Responsibilities of Faculty Members (Statement and Procedures)

Responsibilities of Faculty Members (Statement and Procedures)

Legislative History:

Drafted by Special Committee on Paid Employment Outside the University in 1983/84; Approved by Senate: 1984/04/26; Date Effective: 1984/04/26

Approval Authority: Senate

Signature: Malcolm Ransom

Description: Senate Policy defining the responsibilities of full-time faculty members and providing guidelines for defining abuse of these responsibilities specifically in terms of employment outside the University.

I.  Introduction

  1. The Special Committee on Paid Employment Outside the University was charged to review the responsibilities of full-time faculty members in the areas of scholarship, teaching, and service, and to consider articulating a general policy on these responsibilities and on what constitutes abuse in the form of additional paid employment, especially outside the University.
  2. The Committee recognizes that the conduct of faculty members at York responds to several normative regimes: collective and individual employment contracts, Senate legislation, administrative practices and widely-held - but seldom stated and often vague - understandings about proper academic behaviour. It is no part of our function to alter the basic processes by which the rights or privileges of individuals may be defined by these regimes. We accept these as given. However, all concerned--Senate, the faculty associations, the administration and faculty members--may wish to address within their respective spheres of authority what are proper standards of academic behaviour. It is in this spirit that the Committee offers for their consideration the following model statements of standards, procedures, and accountability.
  3. Senate agreed to establish the Committee after a long discussion which included references to particular abuses and fears of further, perhaps widespread abuse in the absence of a clear policy. Written submissions from Deans tend to confirm the need for a general policy, although there appear to be differences of opinion about the nature and severity of the problem, and about the degree of autonomy a Faculty should enjoy in this area. The question is complicated by the extent to which outside work, for example consulting, lecturing, or the writing of text-books, may be seen as a desirable extension of an academic's university work. However, it is clear to the Committee that the central question is the meaning of a full-time load in the areas of scholarship, teaching, and service for which one receives a university salary. Apart from any rules or sanctions spoken to in this document, the University's best strategy will be to adopt affirmative measures for the internal encouragement and reward of scholarly and collegial activity.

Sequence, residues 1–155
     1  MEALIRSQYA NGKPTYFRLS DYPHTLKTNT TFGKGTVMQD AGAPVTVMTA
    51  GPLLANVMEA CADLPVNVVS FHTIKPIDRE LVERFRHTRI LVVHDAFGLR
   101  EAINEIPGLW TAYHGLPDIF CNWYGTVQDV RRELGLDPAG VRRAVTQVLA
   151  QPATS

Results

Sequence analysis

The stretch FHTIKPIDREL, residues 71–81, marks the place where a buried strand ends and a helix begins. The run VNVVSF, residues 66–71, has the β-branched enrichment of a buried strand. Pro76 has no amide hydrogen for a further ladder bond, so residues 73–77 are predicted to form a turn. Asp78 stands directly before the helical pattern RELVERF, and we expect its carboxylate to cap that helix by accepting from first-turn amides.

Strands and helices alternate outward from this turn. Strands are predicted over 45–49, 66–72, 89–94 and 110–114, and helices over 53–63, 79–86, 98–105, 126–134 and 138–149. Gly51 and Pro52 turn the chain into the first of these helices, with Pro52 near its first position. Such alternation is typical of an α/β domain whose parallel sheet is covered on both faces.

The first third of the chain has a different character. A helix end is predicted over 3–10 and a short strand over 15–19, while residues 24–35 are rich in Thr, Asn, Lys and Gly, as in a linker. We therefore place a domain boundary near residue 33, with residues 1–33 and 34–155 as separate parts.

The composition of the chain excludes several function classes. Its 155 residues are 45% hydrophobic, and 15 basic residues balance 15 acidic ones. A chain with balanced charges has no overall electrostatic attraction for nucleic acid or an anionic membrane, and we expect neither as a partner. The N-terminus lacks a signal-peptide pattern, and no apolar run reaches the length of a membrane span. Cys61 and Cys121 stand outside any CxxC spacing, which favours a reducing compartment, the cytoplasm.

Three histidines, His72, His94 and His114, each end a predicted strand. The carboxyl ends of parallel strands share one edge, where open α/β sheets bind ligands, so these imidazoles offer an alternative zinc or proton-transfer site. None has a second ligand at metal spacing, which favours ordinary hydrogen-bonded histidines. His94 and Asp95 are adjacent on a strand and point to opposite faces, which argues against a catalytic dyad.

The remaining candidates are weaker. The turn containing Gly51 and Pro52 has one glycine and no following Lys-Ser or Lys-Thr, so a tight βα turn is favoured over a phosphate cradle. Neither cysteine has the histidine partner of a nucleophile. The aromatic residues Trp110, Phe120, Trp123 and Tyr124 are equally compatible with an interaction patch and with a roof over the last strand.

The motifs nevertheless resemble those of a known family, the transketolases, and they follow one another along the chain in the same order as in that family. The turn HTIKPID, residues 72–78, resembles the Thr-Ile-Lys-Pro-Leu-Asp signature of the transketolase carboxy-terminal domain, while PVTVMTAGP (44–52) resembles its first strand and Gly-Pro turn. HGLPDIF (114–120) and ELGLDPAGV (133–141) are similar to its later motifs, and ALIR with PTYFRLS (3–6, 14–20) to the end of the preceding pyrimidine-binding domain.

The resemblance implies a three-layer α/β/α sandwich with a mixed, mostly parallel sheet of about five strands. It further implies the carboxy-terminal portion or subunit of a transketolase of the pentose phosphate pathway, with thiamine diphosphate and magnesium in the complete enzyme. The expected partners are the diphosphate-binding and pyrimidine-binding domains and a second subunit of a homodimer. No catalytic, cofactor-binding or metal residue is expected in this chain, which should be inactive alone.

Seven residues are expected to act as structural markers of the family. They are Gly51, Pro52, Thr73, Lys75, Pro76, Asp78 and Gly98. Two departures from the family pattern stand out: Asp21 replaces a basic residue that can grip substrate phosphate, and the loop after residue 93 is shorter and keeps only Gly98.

4. The statement of collegial responsibilities which follows pre-supposes an understanding of the traditional values of university life--that receiving an appointment at a university has meant and still means to most colleagues a commitment to a life of scholarship and creativity, and that the full professional energies of faculty members will be placed at the service of the academy and their disciplines. A tenured appointment guarantees freedom of thought and action to its holders. With this guarantee comes a commitment to the community of one's academic peers to use those freedoms for the purposes for which they are intended. This shared trust must not be abused, either by inordinate or indiscreet paid activity which fails to meet the general criteria outlined below, or by failure to fulfil one's university obligations. A university cannot function by constantly coercing faculty members to live up to their scholarly or creative responsibilities, or to refrain from taking on outside paid work which is neither reflective nor innovative. However, the university must nonetheless be in a position to account to all of its members and to society at large for the way in which those responsibilities are discharged. It must therefore possess knowledge of the behaviour which will permit such an accounting, and must accept responsibility for dealing with abuse.


The responsibilities of full-time faculty members will vary among individuals and academic units. Except for members of the Alternate Stream, whose duties are primarily in the areas of teaching and service, they always include participation in the following activities: (a) teaching, (b) research, scholarly or creative activity, and (c) service to the University. These duties constitute the faculty member's principal obligation to the University.

    1. Teaching: faculty members shall carry out their responsibility for teaching by keeping up to date with relevant secondary literature and carefully preparing lectures and course materials, taking care to make themselves accessible to students for academic consultation, to inform students adequately regarding course formats, assignments, and methods of evaluation, to maintain teaching schedules in all but exceptional circumstances, to inform students adequately of any necessary cancellation and rescheduling of instruction, and to adhere to the schedules for submission of grades and evaluations by their Departments and Faculties.
    2. Research, Scholarly or Creative Activity: faculty members shall devote a reasonable proportion of their time to original research and innovative or reflective scholarly or creative work consistent with their academic stream. They shall make the results of such work available to the scholarly and general public through publications, lectures, and other appropriate means. Activity undertaken outside the University which is not reflective or innovative does not constitute research, scholarship or creative work in the generally accepted meaning of these terms.
    3. Service to the University: faculty members are expected to participate in the decision-making councils of the University, and to share the necessary administrative work of their Departments, Faculties and the University. Service to the University embraces service to the larger academic community, which is performed through (among other duties) reviewing academic publications, and sitting on editorial boards, granting councils, and other learned associations. Faculty members may also serve the University, directly or indirectly, through service to the external community which does not take the form of research.
  1. In the performance of their professional responsibilities, faculty members shall deal fairly and ethically with their colleagues, students, and other members of the University community.